While Cornell understands and supports the need to enter into Non-Disclosure Agreements, there are some export control risks that researchers need to be aware of.

Remember that the Office of Sponsored Programs must sign all Cornell research-related confidentiality agreements, except in limited circumstances.

When receiving confidential information:

  • Per Cornell Policy 4.22, no controlled technology or technical data can reside on Cornell campuses, devices, or servers, unless the Export Control Office (ECO) has provided prior written approval.
    • Remember, the transfer of controlled technology or technical data to a foreign national, even in the U.S., is considered an export and may require a license.
    • Cornell servers and email are not configured to properly secure controlled technology or technical data.
    • If you absolutely need to utilize controlled information, Cornell's ECO will work with you to put a technology control plan in place - to ensure that the information is properly secured and no export violations occur.

When sharing confidential information:

  • Per Cornell Policy 4.22, all Cornell research must be fundamental research - meaning the research results must remain unrestricted.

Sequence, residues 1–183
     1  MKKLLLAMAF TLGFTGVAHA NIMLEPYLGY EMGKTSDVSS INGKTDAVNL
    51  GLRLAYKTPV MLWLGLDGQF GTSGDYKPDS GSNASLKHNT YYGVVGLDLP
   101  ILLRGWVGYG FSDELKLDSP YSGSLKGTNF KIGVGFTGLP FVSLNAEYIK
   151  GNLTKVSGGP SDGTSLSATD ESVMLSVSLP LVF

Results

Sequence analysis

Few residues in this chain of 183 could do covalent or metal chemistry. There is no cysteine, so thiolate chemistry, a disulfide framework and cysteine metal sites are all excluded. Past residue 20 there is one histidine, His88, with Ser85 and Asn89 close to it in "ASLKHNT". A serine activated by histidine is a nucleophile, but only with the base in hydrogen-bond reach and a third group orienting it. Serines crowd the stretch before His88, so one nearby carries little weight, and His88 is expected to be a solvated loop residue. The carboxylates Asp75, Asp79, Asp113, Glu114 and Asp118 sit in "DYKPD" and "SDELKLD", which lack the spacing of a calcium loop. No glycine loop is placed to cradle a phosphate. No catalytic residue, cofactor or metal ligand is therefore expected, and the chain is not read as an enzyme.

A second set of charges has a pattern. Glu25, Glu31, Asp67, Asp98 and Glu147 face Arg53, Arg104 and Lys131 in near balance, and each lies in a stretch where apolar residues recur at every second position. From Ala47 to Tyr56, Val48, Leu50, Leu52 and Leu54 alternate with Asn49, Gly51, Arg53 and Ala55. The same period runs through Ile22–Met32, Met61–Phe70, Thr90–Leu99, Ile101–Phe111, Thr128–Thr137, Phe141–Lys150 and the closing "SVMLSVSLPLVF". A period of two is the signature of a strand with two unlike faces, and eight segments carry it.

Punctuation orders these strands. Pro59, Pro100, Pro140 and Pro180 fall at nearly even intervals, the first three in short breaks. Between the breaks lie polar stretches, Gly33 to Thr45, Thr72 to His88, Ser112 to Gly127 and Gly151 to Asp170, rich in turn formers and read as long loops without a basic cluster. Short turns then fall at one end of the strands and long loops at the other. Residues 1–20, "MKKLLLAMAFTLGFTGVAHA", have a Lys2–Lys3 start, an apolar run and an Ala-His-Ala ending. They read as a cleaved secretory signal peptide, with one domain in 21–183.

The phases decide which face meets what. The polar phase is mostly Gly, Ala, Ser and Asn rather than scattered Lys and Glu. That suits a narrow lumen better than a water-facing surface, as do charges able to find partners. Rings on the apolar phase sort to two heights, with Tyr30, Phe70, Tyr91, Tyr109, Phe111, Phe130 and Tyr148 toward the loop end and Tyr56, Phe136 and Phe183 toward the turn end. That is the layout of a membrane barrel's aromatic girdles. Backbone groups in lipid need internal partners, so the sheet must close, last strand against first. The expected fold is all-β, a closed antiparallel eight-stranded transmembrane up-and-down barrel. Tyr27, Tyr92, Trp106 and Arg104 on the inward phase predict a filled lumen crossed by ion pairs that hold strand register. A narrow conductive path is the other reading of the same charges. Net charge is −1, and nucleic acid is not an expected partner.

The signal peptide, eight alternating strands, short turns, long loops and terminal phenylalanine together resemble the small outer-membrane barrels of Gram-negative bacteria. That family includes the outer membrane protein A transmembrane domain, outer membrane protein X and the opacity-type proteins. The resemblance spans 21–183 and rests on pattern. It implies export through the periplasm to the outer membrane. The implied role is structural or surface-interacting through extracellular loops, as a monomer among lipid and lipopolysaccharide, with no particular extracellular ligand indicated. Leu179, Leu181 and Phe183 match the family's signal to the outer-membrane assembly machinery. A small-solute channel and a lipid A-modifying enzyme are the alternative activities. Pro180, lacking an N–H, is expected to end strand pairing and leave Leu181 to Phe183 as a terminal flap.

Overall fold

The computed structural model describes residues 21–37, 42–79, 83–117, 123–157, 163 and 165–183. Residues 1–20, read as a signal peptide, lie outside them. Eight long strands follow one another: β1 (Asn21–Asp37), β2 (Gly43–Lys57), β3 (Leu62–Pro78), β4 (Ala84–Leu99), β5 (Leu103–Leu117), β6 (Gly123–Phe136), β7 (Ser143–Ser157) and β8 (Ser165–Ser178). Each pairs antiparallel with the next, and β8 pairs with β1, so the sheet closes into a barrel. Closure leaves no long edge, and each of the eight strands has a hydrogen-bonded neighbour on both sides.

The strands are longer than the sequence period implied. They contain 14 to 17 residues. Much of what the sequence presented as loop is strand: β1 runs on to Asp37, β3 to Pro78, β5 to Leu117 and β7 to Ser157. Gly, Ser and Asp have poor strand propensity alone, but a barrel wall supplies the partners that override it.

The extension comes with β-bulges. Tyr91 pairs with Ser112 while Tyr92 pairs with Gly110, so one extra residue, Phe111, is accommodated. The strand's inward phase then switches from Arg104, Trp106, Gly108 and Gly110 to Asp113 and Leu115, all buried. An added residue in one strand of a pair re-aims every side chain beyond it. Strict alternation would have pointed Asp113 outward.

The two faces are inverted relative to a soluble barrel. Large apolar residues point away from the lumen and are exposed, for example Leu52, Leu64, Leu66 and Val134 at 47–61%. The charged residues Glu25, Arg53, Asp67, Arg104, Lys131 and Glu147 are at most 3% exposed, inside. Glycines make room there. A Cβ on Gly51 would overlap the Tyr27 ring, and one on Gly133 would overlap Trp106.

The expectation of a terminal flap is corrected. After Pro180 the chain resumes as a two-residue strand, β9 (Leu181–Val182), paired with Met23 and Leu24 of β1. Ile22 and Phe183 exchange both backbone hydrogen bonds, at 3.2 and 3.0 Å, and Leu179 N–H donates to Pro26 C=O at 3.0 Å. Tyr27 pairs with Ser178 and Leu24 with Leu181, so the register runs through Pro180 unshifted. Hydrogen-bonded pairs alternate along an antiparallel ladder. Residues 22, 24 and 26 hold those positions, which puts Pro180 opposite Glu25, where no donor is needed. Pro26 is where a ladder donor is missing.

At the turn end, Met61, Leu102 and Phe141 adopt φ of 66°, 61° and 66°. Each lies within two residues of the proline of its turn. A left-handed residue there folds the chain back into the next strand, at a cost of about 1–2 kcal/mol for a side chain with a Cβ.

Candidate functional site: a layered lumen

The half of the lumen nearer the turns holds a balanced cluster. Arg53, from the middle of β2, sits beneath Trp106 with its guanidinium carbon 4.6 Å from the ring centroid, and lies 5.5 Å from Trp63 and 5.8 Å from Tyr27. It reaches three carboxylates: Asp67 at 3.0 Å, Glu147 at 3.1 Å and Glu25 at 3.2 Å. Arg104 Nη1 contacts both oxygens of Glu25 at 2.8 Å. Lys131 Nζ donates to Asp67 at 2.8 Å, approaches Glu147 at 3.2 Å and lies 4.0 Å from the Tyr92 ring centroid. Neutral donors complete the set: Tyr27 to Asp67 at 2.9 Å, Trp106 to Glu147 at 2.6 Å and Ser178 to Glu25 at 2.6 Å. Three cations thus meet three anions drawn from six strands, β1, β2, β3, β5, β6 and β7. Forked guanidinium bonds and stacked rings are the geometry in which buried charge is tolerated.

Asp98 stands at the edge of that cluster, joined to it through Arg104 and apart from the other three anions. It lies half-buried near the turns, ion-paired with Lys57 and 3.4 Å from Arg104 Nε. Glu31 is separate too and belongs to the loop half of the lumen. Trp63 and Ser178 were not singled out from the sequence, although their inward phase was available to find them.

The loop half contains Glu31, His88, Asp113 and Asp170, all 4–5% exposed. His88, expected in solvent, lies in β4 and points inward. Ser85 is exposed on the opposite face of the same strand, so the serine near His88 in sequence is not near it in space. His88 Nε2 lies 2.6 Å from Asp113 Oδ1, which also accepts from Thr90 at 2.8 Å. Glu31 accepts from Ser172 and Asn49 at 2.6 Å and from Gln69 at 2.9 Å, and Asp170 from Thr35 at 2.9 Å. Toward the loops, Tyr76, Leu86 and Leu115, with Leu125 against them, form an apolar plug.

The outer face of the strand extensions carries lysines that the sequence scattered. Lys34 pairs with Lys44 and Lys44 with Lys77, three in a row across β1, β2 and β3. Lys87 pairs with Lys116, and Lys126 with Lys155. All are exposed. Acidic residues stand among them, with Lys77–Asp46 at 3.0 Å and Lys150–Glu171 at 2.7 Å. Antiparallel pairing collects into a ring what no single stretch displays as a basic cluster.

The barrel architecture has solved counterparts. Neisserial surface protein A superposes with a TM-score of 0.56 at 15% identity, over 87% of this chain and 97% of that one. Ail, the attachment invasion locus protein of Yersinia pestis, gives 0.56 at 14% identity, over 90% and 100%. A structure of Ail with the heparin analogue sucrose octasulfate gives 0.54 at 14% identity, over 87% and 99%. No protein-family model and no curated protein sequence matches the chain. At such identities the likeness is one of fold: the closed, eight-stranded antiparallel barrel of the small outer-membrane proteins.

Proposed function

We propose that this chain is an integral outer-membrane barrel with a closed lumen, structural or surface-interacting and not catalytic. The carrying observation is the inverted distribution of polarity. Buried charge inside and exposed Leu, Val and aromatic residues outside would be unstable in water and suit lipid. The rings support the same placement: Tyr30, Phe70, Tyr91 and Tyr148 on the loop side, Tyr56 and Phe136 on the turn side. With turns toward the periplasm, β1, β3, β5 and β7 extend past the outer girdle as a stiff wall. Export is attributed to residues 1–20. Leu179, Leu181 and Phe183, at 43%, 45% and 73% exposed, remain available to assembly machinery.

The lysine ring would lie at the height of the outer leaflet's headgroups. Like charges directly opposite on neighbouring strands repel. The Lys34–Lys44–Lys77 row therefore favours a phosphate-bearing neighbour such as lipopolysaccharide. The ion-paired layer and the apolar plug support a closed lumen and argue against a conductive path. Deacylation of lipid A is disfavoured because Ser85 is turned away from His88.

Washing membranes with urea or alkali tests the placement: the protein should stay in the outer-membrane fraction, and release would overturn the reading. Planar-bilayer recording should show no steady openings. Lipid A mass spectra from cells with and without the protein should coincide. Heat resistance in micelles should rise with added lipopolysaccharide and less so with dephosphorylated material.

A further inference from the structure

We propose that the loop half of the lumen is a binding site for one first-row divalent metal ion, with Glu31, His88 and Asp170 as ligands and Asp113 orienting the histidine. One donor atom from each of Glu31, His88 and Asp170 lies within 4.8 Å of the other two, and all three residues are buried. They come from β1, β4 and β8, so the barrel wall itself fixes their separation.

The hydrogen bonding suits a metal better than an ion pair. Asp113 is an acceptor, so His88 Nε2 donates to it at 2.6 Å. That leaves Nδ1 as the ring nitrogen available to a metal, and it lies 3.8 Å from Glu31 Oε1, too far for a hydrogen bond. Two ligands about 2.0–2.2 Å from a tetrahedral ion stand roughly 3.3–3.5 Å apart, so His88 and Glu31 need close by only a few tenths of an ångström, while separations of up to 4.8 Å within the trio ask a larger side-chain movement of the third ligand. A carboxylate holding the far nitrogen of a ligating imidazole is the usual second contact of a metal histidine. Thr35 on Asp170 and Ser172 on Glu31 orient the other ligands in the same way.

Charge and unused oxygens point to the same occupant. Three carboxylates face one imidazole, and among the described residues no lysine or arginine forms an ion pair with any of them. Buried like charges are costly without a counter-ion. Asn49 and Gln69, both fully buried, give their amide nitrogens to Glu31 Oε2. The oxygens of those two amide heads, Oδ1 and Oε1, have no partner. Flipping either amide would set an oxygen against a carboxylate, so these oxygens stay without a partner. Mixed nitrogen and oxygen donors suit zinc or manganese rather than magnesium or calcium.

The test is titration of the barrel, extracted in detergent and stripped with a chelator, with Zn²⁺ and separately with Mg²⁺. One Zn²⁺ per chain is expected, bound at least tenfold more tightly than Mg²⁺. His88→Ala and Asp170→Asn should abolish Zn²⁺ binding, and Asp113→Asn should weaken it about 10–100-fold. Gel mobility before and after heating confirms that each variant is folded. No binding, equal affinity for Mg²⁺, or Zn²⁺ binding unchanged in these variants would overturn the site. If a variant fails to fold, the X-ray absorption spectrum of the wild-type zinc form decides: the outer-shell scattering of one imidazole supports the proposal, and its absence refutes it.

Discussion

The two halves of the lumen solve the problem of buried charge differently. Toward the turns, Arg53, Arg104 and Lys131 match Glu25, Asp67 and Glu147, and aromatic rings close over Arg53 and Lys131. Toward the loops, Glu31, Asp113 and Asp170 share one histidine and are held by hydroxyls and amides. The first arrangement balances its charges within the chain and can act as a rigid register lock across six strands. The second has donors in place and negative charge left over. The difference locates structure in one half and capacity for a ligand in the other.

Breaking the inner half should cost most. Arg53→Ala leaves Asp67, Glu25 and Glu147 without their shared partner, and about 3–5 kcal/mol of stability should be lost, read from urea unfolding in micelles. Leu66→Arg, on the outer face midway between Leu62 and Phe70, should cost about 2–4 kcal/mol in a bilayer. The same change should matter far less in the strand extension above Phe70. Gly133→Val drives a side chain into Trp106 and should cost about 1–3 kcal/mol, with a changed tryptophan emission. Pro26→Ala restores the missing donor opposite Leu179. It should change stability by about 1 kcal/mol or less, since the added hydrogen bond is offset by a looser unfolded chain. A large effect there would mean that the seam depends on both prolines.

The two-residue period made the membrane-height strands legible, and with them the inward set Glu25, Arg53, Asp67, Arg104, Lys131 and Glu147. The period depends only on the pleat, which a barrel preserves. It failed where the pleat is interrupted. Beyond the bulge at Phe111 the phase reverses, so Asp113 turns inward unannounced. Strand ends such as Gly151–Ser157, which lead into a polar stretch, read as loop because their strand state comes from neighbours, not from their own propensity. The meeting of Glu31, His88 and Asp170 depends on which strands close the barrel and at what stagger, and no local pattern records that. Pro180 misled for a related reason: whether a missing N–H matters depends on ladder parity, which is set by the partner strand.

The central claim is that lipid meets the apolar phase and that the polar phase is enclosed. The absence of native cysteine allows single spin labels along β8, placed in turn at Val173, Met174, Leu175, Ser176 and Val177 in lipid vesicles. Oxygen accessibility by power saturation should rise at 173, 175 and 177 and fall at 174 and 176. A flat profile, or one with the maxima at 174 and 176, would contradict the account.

• In most cases, it is not appropriate to mark Cornell research as proprietary or confidential. Doing so could cause the research to be rendered controlled, in violation of Cornell policy, and causing a potential export control violation. 
    • If you are seeking to patent an invention, Cornell's Center for Technology Licensing may enter into a non-disclosure agreement for a limited time, in order to protect patentability. 
    • Given Cornell's stance as a fundamental research-only institution, entering into bilateral confidentiality agreements is not advised unless you are sharing something confidential other than research results (ex: personal data, financial data, etc.). 

Best practices:

  • Enter into confidentiality agreements only when it is absolutely necessary. Both the receipt and sharing of confidential information creates liability on behalf of the researchers and the university.
  • Ensure that all research related confidentiality agreements are signed by the appropriate office (OSP in most cases). This protects the researchers, the unit, and the university. OSP grant and contract officers are trained to review agreements for export control concerns.
  • If you ever receive a document marked "export controlled", "EAR", "ITAR", or with a similar marking, contact the ECO immediately.